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“The Murder Of The Century” Makes For Lively, Historical, Punchy Read

March 5, 2015

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Using newspaper clippings and a knack for knowing how to write a most convincing slice of American history Paul Collins has crafted a most compelling read in The Murder Of The Century.  This crime–the Guldensuppe “Scattered Dutchman” murder case–thankfully is not lost to history.  When I bought this book I intended to read it on a lazy summer weekend, but the winter seems to have only gripped harder over the last weeks with the bitter cold and I thought this was my way of fighting back by reading it now.

Late last night James woke up, looked at me and said, “Are you still reading?”  The book is not designed to make one want to sleep.  It is not gory or lurid, but just a solid ‘you-are-there’ type read that keeps one turning the pages.  I simply smiled at James and continued.

In 1897, at the end of the Gilded Era, a most brazen and sensational crime took place in New York City.  Parts of a headless body that had been dismembered were found and a hunt for the killer and the motive was set into motion.   As Collins writes it was not only the crime that took center stage, but also the newspaper war between William Randolph Hearst and Joseph Pulitzer and the newspapers they had turned into pages of ‘infotainment’ before that term had even been invented.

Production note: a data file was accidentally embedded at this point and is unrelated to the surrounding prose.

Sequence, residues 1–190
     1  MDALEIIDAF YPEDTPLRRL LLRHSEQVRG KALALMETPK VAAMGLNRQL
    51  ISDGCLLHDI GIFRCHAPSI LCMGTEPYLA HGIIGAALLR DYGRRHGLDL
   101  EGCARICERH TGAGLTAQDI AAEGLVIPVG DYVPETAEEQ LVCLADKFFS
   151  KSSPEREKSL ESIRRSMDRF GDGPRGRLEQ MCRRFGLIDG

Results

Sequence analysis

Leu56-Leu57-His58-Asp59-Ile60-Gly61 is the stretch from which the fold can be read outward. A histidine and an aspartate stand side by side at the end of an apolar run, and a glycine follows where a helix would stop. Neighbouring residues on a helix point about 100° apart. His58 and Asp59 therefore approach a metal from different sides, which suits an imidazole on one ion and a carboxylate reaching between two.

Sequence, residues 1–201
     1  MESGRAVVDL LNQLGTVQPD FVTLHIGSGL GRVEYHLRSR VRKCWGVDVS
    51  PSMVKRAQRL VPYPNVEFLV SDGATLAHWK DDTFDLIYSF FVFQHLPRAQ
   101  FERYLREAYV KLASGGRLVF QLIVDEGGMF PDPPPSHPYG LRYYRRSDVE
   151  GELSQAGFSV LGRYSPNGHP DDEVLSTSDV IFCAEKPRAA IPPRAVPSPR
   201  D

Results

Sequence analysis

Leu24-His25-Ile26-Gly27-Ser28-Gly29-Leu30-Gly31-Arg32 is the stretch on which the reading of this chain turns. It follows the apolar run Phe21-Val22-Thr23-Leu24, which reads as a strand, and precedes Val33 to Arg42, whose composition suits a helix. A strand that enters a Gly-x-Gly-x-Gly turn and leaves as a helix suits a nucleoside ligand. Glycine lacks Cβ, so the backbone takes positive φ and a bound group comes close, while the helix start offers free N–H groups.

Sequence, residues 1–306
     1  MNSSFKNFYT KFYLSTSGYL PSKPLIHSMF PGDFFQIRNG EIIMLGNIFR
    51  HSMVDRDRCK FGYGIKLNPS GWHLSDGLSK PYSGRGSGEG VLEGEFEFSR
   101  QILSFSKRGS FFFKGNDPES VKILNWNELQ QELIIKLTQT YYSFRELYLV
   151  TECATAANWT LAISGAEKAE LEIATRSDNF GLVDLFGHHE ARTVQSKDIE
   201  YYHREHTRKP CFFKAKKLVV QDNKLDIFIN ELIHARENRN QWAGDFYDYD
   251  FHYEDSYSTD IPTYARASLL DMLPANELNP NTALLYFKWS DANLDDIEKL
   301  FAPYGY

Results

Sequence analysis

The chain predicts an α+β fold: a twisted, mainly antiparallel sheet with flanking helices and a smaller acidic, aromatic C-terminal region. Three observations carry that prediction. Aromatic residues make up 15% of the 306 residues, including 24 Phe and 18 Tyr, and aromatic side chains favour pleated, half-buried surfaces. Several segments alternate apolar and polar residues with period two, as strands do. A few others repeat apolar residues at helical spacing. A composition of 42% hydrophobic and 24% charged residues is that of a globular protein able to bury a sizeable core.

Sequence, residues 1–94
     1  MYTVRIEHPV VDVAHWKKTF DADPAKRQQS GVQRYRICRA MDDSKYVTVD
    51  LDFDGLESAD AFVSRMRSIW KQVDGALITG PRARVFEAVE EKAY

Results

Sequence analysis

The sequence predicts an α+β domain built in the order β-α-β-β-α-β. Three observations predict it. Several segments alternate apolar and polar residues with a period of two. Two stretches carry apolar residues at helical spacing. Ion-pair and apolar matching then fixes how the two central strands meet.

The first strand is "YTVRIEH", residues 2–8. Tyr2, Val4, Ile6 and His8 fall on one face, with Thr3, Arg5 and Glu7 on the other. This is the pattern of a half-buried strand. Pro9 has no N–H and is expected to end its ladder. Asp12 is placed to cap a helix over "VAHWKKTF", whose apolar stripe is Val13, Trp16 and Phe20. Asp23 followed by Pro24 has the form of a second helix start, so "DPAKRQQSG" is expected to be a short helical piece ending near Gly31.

The crime and dramatic trial are simply too good not to follow page after page.  But it is the newspaper wars and the antics of the owners and their frenzied reporters that make this book the sensation that is for the reader.   Yellow journalism may never have been told with such style and sweeping punchy narrative as Collins has created in this book.

It is hard not to laugh as reporters collar and question witnesses regardless of what the police are doing or thinking, and at the same time the police are hustling to try to know as much as the journalists.  There is no way not to smile when carrier pigeons are used by reporters and artists at the trial to carry dispatches back to the newspaper offices for the latest editions of the papers.

What I much enjoyed about this book and the way Collins used dialogue is that all of it that is contained comes directly from conversations recorded in newspaper accounts.  For me that is far better than a writer trying to convey their own sense of events with created dialogue.

There are many ways to spend time with books and Lord knows I do–but for pure fun with a work of non-fiction this one will be hard to beat.  I will certainly be looking into other books authored by Paul Collins.

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